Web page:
front. It is also fast moving, constantly evolving area with a lot to understand and keep up with. There are, however, some simple principles that guide me through the minefield of sustainable design. 1. SMART DESIGN – one of the best things to come out of the whole sector is thermal modelling. This is the ability to use computer programmes to test the energy, thermal and water performance of a design as it evolves. This allows designers to optimise a buildings shape, orientation, windows and insulation to passively use the sun to do as much heating and lighting as possible. It goes hand in hand with a fabric first approach, reducing heat loss through insulation, good windows and airtightness rather than focusing, as many do, on how to heat the house through low carbon technologies; Heat Pumps, Photo Voltaic panels or
Bio-mass boilers. I would never design a new house without using thermal modelling to inform the process. 2. BEWARE OVER HEATING – all these large south-facing windows and lots of insulation are wonderful, but many new builds are suffering for being over heated. With our climate set to warm considerably over the next 50 years, this is only going to get worse. One of the main reasons for thermal modelling is to test for possible overheating and design it out at an early stage. 3. SIZE – we calculate energy consumption through kW/m2/ annum. The bigger the house the bigger the bills, so try to make space work harder for you rather than just making more space. Small can be beautiful and allows you to spend more money per m2 to get better quality.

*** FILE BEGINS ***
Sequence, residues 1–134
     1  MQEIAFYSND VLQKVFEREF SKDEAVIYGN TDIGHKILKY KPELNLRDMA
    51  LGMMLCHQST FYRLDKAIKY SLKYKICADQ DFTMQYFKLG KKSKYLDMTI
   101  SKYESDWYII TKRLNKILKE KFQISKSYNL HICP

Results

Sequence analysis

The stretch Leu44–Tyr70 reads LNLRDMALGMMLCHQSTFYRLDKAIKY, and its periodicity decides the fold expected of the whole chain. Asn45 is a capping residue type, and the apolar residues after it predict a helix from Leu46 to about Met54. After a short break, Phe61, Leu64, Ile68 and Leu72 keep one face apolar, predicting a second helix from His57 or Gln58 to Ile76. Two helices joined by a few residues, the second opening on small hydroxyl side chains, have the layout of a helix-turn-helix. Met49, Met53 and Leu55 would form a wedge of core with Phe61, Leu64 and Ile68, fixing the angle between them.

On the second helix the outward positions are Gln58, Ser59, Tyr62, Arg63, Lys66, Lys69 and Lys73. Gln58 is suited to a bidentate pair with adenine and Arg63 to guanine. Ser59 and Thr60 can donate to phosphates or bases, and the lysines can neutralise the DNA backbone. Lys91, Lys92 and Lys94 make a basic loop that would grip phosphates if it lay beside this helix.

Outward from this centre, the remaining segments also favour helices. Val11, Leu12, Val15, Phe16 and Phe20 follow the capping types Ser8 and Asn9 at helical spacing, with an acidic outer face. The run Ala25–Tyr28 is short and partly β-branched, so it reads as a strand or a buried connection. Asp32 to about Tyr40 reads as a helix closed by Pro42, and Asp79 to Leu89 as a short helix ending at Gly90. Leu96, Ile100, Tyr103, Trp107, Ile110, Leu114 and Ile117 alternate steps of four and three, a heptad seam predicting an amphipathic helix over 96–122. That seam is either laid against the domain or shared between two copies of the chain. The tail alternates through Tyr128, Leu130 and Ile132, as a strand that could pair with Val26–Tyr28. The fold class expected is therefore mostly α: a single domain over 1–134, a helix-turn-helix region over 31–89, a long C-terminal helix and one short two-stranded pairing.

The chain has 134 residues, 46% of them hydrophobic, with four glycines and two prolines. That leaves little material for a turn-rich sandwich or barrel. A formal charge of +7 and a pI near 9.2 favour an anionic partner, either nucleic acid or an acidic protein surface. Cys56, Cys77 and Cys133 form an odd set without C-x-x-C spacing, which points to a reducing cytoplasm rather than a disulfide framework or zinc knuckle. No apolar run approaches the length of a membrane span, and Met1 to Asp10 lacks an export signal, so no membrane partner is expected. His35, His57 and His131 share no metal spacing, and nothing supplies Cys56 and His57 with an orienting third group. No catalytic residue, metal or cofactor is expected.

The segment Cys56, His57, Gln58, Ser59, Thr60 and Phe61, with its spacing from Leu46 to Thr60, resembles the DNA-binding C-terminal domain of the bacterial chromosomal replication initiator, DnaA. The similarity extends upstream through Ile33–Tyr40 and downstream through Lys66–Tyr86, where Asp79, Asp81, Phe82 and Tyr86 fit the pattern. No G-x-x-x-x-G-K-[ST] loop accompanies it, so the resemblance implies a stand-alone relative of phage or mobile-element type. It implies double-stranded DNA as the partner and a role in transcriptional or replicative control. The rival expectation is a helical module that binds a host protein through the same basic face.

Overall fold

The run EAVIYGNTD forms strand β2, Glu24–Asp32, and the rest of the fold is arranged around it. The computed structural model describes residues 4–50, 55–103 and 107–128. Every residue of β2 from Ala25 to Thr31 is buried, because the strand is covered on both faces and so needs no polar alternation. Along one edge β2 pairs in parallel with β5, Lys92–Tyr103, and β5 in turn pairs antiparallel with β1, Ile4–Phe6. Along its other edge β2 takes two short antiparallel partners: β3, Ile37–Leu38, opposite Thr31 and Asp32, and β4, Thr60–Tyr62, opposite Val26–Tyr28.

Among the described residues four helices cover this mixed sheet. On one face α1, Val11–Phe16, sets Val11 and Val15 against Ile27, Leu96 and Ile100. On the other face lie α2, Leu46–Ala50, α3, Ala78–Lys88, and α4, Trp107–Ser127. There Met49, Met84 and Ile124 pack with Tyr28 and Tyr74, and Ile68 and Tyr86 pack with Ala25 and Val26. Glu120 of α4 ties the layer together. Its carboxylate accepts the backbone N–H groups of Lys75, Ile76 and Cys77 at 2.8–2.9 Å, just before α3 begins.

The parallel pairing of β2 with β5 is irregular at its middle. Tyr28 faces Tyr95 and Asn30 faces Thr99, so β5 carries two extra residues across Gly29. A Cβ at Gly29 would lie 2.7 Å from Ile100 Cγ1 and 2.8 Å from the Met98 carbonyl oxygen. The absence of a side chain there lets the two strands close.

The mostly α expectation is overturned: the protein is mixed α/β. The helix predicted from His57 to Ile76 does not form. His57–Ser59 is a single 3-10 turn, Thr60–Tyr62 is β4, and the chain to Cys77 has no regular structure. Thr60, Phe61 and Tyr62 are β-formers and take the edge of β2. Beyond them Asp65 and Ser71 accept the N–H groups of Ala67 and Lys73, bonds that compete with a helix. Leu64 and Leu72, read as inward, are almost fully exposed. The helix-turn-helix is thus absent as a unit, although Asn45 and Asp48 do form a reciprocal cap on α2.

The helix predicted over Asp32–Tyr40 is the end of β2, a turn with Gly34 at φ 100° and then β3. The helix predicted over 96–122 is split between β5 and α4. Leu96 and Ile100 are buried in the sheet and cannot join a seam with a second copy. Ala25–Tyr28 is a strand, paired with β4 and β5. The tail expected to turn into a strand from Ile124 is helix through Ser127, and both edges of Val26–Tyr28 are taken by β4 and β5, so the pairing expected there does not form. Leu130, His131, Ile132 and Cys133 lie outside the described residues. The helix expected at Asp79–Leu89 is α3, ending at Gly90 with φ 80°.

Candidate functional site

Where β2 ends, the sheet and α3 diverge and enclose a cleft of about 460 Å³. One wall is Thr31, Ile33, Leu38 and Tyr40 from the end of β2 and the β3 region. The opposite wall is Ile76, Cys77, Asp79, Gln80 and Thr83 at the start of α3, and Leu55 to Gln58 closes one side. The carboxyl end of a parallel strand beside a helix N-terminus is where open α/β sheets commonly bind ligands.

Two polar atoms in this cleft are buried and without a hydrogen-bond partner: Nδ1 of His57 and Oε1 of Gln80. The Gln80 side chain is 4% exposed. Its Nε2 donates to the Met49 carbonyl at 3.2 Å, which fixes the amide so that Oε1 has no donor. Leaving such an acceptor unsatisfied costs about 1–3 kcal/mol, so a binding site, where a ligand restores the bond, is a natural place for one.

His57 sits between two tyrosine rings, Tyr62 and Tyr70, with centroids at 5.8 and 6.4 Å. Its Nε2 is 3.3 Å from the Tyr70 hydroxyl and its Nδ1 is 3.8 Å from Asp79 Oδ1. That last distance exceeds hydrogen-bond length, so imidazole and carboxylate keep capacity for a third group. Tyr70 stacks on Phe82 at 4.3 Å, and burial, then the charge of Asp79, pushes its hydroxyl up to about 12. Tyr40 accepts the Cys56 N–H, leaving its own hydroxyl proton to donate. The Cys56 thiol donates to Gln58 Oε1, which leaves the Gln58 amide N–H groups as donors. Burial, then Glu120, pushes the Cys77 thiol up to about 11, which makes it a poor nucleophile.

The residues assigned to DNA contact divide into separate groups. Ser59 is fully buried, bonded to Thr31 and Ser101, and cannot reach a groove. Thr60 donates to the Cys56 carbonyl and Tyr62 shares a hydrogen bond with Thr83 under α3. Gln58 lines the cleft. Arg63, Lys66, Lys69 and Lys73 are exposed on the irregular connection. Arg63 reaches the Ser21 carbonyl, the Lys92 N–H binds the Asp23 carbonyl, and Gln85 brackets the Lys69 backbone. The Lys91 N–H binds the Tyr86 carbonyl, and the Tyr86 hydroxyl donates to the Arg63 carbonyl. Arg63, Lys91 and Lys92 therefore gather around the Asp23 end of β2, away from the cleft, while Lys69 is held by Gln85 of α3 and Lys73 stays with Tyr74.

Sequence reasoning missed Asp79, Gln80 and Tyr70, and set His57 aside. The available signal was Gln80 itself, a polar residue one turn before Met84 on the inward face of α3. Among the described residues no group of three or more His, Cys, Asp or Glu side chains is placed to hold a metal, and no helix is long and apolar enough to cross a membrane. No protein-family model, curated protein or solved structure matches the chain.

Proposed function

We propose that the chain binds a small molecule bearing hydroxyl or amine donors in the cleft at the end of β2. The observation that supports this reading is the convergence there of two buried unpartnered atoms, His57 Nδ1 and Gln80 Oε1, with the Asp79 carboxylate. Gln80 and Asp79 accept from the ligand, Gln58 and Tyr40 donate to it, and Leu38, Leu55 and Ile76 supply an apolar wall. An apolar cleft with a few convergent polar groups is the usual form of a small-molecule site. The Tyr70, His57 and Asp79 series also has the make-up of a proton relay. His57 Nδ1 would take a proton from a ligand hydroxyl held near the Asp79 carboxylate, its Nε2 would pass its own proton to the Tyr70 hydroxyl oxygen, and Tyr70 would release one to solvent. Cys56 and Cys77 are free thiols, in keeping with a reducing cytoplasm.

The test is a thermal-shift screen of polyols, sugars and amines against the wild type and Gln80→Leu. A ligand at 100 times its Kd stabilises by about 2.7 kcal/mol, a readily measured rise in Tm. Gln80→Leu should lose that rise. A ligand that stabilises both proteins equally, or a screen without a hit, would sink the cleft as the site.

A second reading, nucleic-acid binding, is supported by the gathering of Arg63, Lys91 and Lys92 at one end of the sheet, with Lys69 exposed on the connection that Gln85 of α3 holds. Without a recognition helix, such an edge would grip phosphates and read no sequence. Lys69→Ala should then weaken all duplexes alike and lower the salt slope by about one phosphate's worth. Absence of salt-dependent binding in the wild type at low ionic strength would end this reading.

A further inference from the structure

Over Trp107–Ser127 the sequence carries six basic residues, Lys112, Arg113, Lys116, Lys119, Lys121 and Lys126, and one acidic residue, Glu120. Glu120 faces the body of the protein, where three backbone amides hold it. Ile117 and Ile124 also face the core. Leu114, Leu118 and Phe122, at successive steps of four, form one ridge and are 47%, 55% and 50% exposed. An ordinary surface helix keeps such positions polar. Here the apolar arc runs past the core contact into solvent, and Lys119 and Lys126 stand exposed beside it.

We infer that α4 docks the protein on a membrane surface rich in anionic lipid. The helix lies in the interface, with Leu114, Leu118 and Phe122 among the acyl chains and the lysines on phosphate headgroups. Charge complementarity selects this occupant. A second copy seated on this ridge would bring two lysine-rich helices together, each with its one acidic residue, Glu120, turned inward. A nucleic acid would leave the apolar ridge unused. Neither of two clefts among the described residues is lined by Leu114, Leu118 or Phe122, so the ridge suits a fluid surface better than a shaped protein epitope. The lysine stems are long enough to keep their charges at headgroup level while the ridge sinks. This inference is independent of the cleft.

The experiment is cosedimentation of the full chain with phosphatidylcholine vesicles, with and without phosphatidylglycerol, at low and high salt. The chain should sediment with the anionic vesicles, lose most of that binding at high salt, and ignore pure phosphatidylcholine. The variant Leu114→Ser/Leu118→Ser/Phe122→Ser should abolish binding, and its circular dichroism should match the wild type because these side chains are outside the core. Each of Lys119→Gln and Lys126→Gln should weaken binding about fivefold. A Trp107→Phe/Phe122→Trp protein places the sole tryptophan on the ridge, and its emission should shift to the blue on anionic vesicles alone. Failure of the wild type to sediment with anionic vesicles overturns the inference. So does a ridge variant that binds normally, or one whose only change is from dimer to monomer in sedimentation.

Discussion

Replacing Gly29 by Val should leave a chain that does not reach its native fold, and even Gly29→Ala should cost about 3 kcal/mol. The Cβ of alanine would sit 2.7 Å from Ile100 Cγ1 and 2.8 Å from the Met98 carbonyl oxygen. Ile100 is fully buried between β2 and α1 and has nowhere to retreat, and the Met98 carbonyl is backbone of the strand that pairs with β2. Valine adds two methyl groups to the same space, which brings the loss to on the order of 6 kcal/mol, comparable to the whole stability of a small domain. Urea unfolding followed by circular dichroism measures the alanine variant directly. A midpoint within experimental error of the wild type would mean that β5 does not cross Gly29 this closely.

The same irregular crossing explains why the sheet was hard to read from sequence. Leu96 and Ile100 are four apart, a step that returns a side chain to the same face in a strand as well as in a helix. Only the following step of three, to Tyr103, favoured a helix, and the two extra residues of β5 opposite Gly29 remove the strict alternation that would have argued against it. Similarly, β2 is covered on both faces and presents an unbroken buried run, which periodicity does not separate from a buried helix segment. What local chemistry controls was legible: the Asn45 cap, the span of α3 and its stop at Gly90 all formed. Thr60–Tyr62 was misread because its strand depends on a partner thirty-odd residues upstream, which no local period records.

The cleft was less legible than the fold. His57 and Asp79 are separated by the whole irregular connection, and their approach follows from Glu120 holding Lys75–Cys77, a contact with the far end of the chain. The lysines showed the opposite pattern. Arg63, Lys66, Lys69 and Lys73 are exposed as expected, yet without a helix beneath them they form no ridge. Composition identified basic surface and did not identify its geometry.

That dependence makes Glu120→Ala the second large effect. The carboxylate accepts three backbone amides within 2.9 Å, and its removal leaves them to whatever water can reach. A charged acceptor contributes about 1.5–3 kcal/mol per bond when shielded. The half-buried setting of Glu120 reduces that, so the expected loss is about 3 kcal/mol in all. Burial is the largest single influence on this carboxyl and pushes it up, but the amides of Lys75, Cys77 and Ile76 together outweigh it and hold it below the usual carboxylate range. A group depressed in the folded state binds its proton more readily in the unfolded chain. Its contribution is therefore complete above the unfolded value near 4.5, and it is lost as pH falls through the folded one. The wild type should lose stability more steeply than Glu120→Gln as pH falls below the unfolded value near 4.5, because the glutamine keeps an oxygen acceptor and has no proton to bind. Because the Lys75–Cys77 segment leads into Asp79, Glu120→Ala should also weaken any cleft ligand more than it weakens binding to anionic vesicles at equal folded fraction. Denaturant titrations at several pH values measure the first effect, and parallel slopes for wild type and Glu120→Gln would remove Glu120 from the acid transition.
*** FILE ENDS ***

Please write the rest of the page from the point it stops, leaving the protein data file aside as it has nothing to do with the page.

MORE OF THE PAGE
4. INSULATION - It certainly isn’t sexy but to make super-comfortable low energy homes, insulation is your biggest asset. Critically, we aren’t talking about a few tatty layers of fibreglass in your loft, we are talking a minimum of 300mm up there, properly installed. It is a case of insulating as much as possible...and then some more! 5. NO COLD BRIDGES – the key to insulation is just lots of it but it must also have totally continuity. Any gaps or bits of structure; lintels, masonry, timber that bridge the insulation layer not only lose heat but moisture condensates on the resultant cold spots. This often lead is to mould forming, a big health risk; so you have to be very careful your insulation layer is carefully designed. 6. WINDOWS - windows are important to get right,